[21st August 2021] UK house price growth driven by demand - not Stamp duty cuts - Resolution foundation report says

[21st August 2021] UK house price growth driven by demand - not Stamp duty cuts - Resolution foundation report says

The Resolution foundation think tank has published its report called Housing Outlook Q3 2021 and it contains some interesting colour that house prices have risen faster in areas where the savings from transaction tax holidays have been negligible.

There report - which you can read in full here [https://www.resolutionfoundation.org/publications/housing-outlook-q3-2021/] says:-

House prices have defied expectations over the last year, rising dramatically in the face of the Covid-19 economic crisis. While many commentators have blamed transaction tax holidays for this trend, analysis in this Housing Outlook suggests this is somewhat wide of the mark. Instead, there appear to have been stronger forces at play within the housing market over the past year such as enforced savings during lockdowns, changing housing preferences and super-low interest rates. We conclude that the transaction tax holidays have been problematic less because they were inflationary, and more because they have been wasteful (the Government has forgone an estimated £4.7 billion of tax revenues in England and Northern Ireland as a result).


Spotlight: The effect of transaction tax holidays on house prices

Over the past year, house prices have consistently bucked expectations (not least ours): data released this week shows the average value of a UK home increased by 13.2 per cent from June 2020 to June 2021.[i] To state the obvious, such price behaviour is highly unusual in a recessionary period: as the economy contracts, we would normally expect pressure on both incomes and consumer confidence to drive down house prices. So, what has been different this time around?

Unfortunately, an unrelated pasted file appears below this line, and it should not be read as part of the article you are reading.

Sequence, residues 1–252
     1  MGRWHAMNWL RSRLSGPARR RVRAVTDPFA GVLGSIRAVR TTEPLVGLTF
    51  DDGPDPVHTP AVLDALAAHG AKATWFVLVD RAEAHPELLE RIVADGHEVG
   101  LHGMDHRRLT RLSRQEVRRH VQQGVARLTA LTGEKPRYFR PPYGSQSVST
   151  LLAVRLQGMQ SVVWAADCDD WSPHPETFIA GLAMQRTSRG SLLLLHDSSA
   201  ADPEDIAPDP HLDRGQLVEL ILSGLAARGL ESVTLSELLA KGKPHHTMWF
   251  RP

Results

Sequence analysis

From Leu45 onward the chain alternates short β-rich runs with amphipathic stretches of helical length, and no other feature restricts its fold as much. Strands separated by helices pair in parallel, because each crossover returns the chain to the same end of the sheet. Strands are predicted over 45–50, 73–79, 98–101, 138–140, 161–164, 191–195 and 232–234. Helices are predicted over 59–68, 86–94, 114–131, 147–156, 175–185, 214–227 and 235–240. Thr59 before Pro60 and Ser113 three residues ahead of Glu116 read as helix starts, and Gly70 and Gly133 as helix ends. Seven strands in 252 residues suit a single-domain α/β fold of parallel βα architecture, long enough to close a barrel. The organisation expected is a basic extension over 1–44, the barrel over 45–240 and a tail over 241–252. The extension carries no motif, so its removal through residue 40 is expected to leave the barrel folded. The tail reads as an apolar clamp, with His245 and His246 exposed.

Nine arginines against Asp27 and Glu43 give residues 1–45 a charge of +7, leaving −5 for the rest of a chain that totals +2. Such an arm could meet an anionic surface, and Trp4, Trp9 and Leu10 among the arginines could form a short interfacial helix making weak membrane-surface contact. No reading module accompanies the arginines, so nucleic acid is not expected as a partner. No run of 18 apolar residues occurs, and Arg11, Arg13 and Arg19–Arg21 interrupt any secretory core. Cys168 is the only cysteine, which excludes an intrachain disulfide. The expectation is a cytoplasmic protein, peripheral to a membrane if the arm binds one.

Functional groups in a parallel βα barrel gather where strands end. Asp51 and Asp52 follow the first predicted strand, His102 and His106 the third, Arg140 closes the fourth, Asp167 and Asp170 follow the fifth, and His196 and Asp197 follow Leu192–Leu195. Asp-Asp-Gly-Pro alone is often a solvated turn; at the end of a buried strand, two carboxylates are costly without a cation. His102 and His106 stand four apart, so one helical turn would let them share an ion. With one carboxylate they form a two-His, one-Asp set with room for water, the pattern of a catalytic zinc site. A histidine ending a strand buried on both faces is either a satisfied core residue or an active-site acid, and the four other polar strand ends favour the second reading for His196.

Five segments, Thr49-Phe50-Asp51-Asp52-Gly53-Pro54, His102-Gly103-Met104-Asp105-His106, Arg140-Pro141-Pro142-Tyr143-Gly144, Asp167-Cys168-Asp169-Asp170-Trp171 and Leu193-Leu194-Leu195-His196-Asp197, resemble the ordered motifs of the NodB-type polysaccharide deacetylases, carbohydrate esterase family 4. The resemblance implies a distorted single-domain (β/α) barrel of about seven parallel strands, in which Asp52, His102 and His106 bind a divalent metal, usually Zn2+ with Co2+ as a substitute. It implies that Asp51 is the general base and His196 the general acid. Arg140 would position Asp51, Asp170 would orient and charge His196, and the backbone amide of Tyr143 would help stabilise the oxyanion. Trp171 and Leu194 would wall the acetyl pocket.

A number of distinctive features of this crisis spring to mind. First, the Covid-19 period has been marked by a dramatic increase in the aggregate saving rate as households’ ability to eat out, holiday abroad and the like have been severely constrained. Second, the pandemic appears to have affected housing preferences, with evidence of increased demand for larger homes and less populous areas. Third, mortgage rates have got cheaper and cheaper (at least for those with lower loan-to-value ratios). But fourth, many have pointed the finger at policy, suggesting that the transaction tax holidays introduced across all nations in summer 2020 have been inflating house prices.[ii]

It is reasonable to expect at least part of the savings from any transaction tax holiday to be capitalised into house prices (an HMRC evaluation of the stamp duty cut introduced for first-time buyers in wake of the financial crisis estimated that between 50 and 70 per cent of the value fed through into higher house prices, for example). But logically, if the cuts to transaction taxes have been the overwhelming driver of the house price trends observed over the past 12 months, we would expect to see higher growth in areas where the savings from the change in policy have been most significant as a share of the house price (although we recognise that the housing market works in chains so we would expect the effect to be somewhat dispersed). But as Figure 1 shows, that is not what we observe at all. Prices have grown by more in those local authority areas where the average buyer experienced negligible, if any, savings as a result of a transaction tax holiday, compared with areas where far higher savings were achieved (13 per cent in savings quintiles 1 and 2 compared to 7 percent in quintile 5).[iii]